I would have had no idea, and it was a stunning end to a great morning. The walk from the car was maybe the shortest hike I’ve ever made and probably Will’s first. The clouds had begun clearing, and the view was spectacular. We agreed it would have been a tragedy to have missed it.

I’d say that was true of the entire day.

With my colleague, Will, at Welch Point Overlook

 

Stump Jumpin’: A Lesson in Limits

Some hikers have no trouble deciding, from the trail, that it’s not the day or the time or the right conditions to finish. I’m not one of those hikers.

I tend to press ahead under almost any circumstances. I’m there, I can do it. I’ll push myself, if that’s what it takes.

Last Saturday, I made the rare-for-me decision to find a shortcut, take it and bail on the original planned route. I also found myself thinking I needed to get out with the Chattanooga Hiking Club at first opportunity because I’d had about enough of trial-and-error trails.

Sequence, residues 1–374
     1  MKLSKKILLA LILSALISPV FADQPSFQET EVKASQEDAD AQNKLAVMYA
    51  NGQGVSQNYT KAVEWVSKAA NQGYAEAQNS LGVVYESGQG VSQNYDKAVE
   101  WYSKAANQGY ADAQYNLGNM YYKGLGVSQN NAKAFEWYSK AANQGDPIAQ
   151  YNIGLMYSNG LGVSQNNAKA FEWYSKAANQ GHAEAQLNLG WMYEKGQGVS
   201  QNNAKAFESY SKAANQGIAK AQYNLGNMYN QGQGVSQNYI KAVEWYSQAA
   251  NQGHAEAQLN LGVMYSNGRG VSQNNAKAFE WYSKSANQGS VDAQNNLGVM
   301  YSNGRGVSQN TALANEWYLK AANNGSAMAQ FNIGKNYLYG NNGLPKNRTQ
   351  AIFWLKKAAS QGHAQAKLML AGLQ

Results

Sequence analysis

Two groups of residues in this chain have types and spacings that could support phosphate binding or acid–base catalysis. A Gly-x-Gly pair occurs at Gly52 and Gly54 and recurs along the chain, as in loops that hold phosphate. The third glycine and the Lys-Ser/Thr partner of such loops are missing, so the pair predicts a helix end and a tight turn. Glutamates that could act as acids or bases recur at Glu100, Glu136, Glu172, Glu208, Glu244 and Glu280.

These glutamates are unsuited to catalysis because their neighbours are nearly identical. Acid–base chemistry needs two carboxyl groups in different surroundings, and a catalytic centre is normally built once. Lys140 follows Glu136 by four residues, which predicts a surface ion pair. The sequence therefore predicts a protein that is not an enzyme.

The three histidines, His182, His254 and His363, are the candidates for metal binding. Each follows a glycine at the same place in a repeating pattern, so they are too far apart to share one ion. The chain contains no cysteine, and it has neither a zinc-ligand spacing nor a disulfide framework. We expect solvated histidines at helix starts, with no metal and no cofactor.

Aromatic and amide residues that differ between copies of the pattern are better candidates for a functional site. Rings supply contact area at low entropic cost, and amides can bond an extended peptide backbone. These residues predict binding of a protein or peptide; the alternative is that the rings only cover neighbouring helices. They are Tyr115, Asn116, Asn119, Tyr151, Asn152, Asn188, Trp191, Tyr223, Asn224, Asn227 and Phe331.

I really miss the benefit of hikes organized by people who know routes, distance and conditions well. I often had that within a hiking squad I was part of before moving to Chattanooga. Still relatively new to the hiking options in the area, I’ve done a fair number of hikes for the first time that all my information about came from online research or conversations with other hikers. That’s worked out well many times, but it’s also left me underwhelmed a few times and just a tad overwhelmed last Saturday.

Which brings us to the “Rock Creek Stump Jumper” hike.

The “Rock Creek Stump Jump” actually is the name of what has become one of the premier trail running races in the Southeast. Organized by Chattanooga’s own Rock Creek Company, the race is presented in September or October every year as either a 50K or a 10-mile trail run.

I’ve seen it referred to as “the Beast of the Southeast.” A 50K, by the way, is 30 miles. And 30 miles is four more than a marathon. On mountain trails. Those people are tougher than I will ever be.

I’m grateful to them, though. The event raises tens of thousands of dollars every year for work on hiking trails around Chattanooga.

While looking for a place to hike without necessarily having to drive far to find it, I happened upon the roughly 10-mile route the Stump Jump event uses. I found it on the All Trails app by searching for hikes in the Signal Mountain area. “The Rock Creek Stump Jumper” is rated as moderate for hiking–for trail running, it would be a moderate beast.